Merry Christmas everybody!
I've spent the last couple days with my beloved Canon Pixma Pro-10. For those of you who have come across one of these photo printers, you likely know two things about it: 1) it makes amazing prints, and 2) it's roughly the size of coffee table. Unfortunately, its sheer mass doesn't jibe well with London apartment living... so my visits with the printer have been few and far between. But man, oh man... the times we do spend together!
The concept of "tangible things" has been on my mind for a couple weeks now. My wife took me to the London Design Museum to see the entries from this year's Beazley Designs of the Year. The exhibit had a wide and interestingly diverse group of design nominees. What stuck with me, though, was the video at the end of the exhibit about previous winners and the selection process. A portion of the video was dedicated the concept of internet design, and how some of the greatest design innovations these days aren't physical things at all. Instead they're applications and ways of using the web that impact the design of how we live our lives.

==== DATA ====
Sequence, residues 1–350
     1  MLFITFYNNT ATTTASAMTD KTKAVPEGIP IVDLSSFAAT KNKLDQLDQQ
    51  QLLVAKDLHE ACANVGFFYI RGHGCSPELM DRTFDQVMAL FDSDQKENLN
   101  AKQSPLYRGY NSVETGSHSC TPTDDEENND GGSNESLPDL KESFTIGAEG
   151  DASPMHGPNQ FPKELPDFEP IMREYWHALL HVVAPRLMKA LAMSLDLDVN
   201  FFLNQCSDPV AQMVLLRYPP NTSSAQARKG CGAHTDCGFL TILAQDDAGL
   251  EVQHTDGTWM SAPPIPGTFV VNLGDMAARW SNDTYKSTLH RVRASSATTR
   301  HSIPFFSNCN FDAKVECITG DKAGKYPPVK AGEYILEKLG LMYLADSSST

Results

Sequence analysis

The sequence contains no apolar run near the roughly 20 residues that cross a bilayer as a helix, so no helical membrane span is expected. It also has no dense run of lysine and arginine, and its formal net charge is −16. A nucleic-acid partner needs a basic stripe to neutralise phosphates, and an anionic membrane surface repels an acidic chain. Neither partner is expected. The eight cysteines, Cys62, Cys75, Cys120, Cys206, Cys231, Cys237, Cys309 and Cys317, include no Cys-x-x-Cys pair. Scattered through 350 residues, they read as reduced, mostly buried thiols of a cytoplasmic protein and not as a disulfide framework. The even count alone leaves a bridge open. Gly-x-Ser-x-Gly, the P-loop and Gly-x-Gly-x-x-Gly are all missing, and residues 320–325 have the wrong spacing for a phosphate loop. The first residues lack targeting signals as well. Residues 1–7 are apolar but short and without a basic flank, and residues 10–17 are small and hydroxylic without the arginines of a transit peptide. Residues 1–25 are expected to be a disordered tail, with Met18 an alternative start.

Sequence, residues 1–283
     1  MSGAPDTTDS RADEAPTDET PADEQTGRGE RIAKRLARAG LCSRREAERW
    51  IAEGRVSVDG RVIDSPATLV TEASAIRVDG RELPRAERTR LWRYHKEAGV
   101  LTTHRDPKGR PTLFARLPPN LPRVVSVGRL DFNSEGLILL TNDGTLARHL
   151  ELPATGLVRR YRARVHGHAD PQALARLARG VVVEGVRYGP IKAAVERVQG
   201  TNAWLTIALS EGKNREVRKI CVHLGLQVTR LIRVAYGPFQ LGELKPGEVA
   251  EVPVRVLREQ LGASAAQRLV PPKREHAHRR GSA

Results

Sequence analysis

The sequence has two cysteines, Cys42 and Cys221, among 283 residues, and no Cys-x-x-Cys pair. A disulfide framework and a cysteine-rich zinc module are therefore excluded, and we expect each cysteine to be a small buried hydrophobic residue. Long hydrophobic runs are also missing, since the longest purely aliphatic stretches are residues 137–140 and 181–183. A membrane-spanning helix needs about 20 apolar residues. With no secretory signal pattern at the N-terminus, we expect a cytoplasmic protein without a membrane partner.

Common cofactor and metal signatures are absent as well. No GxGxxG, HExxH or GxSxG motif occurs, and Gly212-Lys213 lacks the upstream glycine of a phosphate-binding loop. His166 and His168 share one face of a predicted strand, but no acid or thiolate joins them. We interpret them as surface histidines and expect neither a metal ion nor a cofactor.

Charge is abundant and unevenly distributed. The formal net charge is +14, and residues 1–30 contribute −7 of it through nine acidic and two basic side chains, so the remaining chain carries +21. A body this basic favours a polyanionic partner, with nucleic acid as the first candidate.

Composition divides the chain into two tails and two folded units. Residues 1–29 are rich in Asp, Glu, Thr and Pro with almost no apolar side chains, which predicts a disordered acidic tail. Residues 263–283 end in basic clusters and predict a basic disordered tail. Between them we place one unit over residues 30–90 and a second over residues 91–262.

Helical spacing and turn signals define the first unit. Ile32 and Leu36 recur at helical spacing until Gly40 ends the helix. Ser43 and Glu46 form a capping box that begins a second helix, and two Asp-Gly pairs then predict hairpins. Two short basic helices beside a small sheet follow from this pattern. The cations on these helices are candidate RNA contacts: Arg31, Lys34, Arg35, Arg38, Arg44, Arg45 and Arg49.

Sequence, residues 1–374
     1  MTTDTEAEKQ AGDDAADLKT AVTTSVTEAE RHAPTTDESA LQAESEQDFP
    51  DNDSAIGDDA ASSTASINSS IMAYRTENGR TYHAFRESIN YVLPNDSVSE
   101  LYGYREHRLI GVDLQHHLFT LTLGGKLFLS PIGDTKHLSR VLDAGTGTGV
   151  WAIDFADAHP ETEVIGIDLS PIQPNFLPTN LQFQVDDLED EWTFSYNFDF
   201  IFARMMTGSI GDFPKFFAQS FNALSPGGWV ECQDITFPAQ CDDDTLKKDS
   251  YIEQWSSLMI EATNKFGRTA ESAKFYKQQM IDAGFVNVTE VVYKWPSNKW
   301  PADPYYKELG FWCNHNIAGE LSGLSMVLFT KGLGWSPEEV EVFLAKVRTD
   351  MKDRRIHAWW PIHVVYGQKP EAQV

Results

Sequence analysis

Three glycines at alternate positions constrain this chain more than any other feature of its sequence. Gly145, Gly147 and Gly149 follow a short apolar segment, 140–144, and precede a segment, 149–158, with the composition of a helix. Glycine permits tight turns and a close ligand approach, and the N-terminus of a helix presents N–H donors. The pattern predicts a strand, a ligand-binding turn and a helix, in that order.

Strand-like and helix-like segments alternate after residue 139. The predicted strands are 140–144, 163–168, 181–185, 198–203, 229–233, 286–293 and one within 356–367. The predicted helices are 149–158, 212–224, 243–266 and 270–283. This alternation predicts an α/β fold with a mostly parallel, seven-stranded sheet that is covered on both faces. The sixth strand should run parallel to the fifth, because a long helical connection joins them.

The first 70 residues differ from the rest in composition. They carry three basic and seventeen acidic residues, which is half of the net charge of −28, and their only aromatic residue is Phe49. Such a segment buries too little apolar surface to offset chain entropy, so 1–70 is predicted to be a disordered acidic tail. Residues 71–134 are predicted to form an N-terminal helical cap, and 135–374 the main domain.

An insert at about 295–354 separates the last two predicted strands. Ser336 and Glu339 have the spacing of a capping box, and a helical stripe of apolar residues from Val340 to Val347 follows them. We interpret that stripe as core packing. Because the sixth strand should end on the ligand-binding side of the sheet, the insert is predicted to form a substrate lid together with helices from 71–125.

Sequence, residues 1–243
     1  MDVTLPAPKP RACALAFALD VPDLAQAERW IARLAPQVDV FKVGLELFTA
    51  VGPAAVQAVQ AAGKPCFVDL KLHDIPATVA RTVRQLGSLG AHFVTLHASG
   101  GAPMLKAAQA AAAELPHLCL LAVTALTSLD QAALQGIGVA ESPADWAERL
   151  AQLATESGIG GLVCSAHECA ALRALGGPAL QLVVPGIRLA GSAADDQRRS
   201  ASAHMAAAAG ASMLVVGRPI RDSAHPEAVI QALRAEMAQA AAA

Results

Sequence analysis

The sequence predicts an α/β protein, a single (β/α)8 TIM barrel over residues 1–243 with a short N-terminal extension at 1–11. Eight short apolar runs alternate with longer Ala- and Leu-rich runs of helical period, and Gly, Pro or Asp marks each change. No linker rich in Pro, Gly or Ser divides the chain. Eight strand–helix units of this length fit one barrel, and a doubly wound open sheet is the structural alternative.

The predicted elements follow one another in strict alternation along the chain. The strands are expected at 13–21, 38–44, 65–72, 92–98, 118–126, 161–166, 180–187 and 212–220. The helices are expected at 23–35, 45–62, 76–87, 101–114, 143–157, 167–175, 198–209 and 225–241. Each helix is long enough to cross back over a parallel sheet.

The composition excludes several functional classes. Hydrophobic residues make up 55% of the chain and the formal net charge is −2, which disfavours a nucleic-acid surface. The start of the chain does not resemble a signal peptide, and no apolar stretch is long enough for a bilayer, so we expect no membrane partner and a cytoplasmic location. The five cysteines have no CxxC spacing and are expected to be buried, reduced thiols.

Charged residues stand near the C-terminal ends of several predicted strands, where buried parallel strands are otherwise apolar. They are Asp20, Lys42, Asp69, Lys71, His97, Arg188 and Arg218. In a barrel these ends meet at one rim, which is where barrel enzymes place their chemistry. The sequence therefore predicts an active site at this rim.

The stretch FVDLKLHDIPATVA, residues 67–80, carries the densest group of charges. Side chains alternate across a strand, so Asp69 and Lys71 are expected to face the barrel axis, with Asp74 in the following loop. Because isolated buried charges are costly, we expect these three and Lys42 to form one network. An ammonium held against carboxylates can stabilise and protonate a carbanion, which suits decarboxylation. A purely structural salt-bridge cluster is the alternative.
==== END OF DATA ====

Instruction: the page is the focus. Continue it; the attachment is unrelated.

That reality is inescapable. Technology is changing so many things around us on a daily basis... and really, that's great. But sometimes, I wonder if there's a necessary beauty in physical things too. The needle on a record as it spins at 33 and a third. A film negative. A physical print rather than pixels on a screen. I'd imagine that like most things - it's all about balancing the old with the new.
In the past year, I've spent countless hours on my computer - editing photos in Lightroom and Photoshop, and sharing them to various places on the web... including this very website. For me, it was really nice to balance that out spending a couple days making prints that I can pick up and look at in the light of day. It was a creative salve for a tech-busy life.
Of course, then again, I've just spent the last 10 minutes on my computer blogging about it, so I'm not exactly unshackled from the virtual world either, am I?